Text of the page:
Offset Printing - Sheet-Fed

Pressing Into 2000
January 1, 2000

Though most headlines are taken up by digital imaging equipment these days, offset vendors say they are still making a great impression. To print its heavy load of two-color, 11x17˝ work, Penn State Document Services traditionally used a 40˝ press. Director Michael Pierick, however, felt this was not the most cost-effective way to handle these jobs. To keep prices competitive, he knew he needed some new equipment. But despite the lure of digital devices, he decided to stick with offset equipment. "There was a clear benefit to us with respect to buying an offset device," says Pierick, who bought a two-color A.B.Dick 9995 last

The Future Of Offset - Part II
March 1, 1999

Though in-plant managers aren't ready to abandon their offset presses yet, they say the process needs to change to compete with digital printing. As print runs get smaller and clients learn to accept digital print quality, why should in-plants bother to stay in the offset business at all? That's a question many managers are pondering as the world continues to race into the digital age. Already several in-plants have dumped offset altogether after finding that high-speed digital printers can handle their work more cost effectively. Still, most in-plants have no intention of giving up their presses entirely. They've paid for them and they

The Future Of Offset
January 1, 1999

Will toner-based printing make offset obsolete? No way, say the offset experts. Offset will transform into a more user-friendly, more digital process. With the final year of the 20th century now well underway, offset press venders are beginning to turn their thoughts toward the future—and it's not as far off as you might think. For some time, the industry has been beset with hushed voices forecasting the potential demise of offset due to intense competition from digital printing. Not so fast, offset venders insist. The next few years, they say, will bring about new generations of presses so technologically advanced, convenient and attractively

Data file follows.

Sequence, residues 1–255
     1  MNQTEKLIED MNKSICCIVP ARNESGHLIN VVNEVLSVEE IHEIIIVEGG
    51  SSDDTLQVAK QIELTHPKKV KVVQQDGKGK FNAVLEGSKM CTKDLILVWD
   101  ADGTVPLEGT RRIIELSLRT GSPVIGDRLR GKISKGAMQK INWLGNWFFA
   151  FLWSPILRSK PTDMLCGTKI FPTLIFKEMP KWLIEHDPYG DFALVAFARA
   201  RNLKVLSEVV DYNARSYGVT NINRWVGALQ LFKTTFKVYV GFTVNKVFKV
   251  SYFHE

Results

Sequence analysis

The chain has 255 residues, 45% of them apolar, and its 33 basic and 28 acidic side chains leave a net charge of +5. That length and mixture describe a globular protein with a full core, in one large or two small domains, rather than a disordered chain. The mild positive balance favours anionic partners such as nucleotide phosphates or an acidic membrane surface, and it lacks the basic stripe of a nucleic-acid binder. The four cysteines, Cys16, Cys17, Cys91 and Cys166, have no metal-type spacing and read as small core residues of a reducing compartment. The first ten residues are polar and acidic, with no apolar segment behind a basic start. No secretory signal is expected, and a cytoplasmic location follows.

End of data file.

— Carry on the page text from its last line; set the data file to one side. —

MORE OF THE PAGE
Color--The New Standard
January 1, 1998

Like automation, color is not just an option anymore. Manufacturers are responding to the trend by offering more color-productive equipment. Color and simplicity seem to be the chief components of today's sheetfed offset presses. Quicker makereadies, digital prepress consoles, auto-perfecting channels and color controls are just some of the latest advances—with color creating a new niche market. "In 1986, most of the 9,000 presses sold by small-press manufacturers comprised single-color presses," observes Tom Nishimura, president of Hamada. "However, last year approximately only 4 percent of about 2,700 presses sold under 40˝ were single color. In-plants looking for easy-to-use, multi-functional machines that feature the